LAKE BUENA VISTA, Fla. -- There were times over the past two years that Jordan Schafer wondered if the frustration would ever end. But as he persevered through the lingering effects of a left wrist injury, the Braves outfielder aimed to regain the optimism that he has carried into Spring Training this year.
"I'm probably more excited to be here than anyone right now, just because it's been a long time since I've been able to play," Schafer said before the Braves experienced this year's first full-squad workout at ESPN's Wide World of Sports complex Saturday afternoon.
When asked about Schafer in October, Braves general manager Frank Wren said, "It was really a lost year for Jordan and I think I've said that three years in a row now."
These last three seasons have killed the optimism that surrounded Schafer when he entered the 2008 season regarded as the team's best prospect. In April of that season, Major League Baseball handed the athletic center fielder a 50-game suspension because of a link to HGH.
Schafer seemingly rebounded from that issue when he arrived at Spring Training in 2009 and proved to be one of the Grapefruit League's most exciting players. He homered vs. the defending world champion Phillies in his first career at-bat on Opening Day and added another roundtripper during that series finale in Philadelphia.
But while helping the Braves win their home opener two days later, he suffered a left wrist injury that would frustrate him over two seasons. Last year, he was never able to fully recover from the surgical procedure that was performed in September 2009.
"When I had surgery, they said it was going to be a year," Schafer said. "It really didn't matter what I did. I just had to wait it out. This offseason was huge for me."
When Schafer began swinging a bat again in December, he immediately found he had regained the strength he lacked last year, when he hit just .201 in 52 games for Triple-A Gwinnett and .175 in the 18 games he played after being sent to Double-A Mississippi in late July.
"I'm just ready to go back on the field. I want to prove that I can still do all that I did in Spring Training in 2009 and the first little bit of that season," Schafer said.
Schafer's body language is much better than it was at this time last year, when his left wrist was too fatigued for him to even take batting practice on a regular basis. At the same time, he is realizing some results.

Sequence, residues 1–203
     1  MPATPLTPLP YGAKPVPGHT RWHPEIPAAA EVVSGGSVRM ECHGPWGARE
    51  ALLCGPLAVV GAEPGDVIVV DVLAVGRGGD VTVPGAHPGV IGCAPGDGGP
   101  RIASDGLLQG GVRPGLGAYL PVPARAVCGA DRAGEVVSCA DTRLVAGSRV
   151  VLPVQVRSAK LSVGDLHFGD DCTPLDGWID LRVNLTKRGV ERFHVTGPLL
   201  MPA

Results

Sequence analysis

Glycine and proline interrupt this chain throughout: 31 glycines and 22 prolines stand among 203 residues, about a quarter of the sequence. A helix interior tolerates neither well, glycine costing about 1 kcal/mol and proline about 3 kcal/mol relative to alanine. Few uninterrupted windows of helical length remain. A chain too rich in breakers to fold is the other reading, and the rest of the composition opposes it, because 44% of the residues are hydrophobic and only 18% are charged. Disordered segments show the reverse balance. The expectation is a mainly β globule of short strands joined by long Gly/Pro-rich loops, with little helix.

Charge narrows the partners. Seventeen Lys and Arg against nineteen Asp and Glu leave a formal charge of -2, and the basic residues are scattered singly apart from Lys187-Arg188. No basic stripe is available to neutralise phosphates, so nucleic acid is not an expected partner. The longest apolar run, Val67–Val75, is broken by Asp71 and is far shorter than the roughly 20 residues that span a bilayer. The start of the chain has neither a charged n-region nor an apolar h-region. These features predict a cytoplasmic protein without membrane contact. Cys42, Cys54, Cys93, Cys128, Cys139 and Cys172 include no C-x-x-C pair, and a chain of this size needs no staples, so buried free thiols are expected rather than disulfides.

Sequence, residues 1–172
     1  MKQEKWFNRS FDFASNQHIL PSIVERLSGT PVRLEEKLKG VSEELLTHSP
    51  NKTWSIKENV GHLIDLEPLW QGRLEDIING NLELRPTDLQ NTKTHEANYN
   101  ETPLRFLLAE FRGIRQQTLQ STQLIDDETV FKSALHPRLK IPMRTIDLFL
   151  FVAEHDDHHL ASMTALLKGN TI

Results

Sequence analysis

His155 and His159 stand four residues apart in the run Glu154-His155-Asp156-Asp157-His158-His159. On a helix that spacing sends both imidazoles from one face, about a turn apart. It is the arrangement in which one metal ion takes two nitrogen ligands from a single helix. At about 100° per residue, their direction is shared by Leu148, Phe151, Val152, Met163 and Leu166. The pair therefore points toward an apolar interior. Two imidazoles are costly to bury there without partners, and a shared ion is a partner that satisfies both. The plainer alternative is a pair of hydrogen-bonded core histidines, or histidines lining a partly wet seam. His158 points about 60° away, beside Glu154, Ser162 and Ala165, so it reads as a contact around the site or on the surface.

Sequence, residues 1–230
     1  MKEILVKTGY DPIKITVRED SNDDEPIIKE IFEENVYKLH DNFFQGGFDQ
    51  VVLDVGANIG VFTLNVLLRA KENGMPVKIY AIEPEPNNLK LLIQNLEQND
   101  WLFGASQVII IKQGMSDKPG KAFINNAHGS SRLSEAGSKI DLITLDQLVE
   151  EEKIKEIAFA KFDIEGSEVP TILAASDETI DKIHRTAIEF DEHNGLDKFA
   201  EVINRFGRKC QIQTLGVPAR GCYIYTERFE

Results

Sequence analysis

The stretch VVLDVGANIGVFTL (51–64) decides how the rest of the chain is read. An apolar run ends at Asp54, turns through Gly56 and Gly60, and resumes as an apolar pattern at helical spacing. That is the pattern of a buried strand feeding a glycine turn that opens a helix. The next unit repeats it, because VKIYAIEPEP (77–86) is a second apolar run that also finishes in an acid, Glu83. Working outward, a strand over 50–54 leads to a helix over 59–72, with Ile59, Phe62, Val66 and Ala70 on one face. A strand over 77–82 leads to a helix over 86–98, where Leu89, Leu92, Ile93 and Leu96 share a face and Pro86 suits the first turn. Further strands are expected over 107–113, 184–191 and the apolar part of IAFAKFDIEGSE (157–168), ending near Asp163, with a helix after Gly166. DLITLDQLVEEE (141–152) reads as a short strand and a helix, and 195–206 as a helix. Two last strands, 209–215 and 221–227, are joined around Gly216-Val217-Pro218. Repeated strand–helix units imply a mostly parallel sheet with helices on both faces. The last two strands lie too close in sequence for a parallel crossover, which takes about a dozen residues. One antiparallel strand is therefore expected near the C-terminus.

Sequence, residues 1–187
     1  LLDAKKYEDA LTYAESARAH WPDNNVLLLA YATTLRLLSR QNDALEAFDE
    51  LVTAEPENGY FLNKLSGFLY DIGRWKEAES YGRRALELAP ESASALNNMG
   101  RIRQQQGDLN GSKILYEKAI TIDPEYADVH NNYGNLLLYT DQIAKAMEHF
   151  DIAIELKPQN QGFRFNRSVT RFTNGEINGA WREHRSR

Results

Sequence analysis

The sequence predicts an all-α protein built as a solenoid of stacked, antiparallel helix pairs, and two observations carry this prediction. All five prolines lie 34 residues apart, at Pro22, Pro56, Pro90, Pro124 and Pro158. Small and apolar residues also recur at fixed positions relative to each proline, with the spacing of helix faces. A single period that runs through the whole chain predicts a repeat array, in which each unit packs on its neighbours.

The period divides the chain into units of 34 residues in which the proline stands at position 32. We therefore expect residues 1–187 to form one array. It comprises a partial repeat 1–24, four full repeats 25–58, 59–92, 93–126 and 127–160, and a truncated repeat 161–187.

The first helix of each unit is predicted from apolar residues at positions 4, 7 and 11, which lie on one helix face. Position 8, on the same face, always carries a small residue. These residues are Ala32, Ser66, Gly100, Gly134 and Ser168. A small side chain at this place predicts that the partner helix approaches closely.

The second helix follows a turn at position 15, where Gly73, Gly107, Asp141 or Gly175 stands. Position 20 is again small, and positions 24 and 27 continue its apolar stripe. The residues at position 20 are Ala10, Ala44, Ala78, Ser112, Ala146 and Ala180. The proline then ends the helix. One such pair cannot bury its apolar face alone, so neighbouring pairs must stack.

The 24-year-old left-handed-hitting outfielder homered off left-handed reliever Jonny Venters during live batting practice earlier this week. Despite the fact that Venters was throwing a four-seam fastball and not the nasty two-seamer that is his bread and butter, Schafer still was encouraged by the way the ball came off his bat.
Braves manager Fredi Gonzalez was impressed with the way Schafer swung the bat while taking live batting practice against Randall Deldgado and Julio Teheran during Saturday's workout.
"When we broke camp a few years ago, people were talking about him being the most dynamic and impressive guy they saw in Florida," Wren said. "If he can get back to that and be a guy who is an option for us, that's big. It's big for him and us as well."
As long as Nate McLouth doesn't struggle mightily in Spring Training, he seems destined to begin the season as Atlanta's starting center fielder. But Schafer could again regain the role later this season or at least by the start of the 2012 season.
"Our club isn't set," Wren said. "But there aren't a lot of decisions to be made. If we get to the end of spring and he's had a great spring, it's going to make us think about things for sure. He's clearly a talented guy who got off track for a couple of years."
Because of the time he has missed over the past few years, Schafer seems destined to begin this season in the Minors, where he can resume the development process in a healthy manner.
"I've got plenty of time," Schafer said. "It's not like I'm 30. I feel good to be where I'm at right now. Obviously I'd have liked to have not had that injury and had a couple of years in the big leagues by now, but I couldn't do anything. I just had to be patient and take time."
Mark Bowman is a reporter for MLB.com. This story was not subject to the approval of Major League Baseball or its clubs.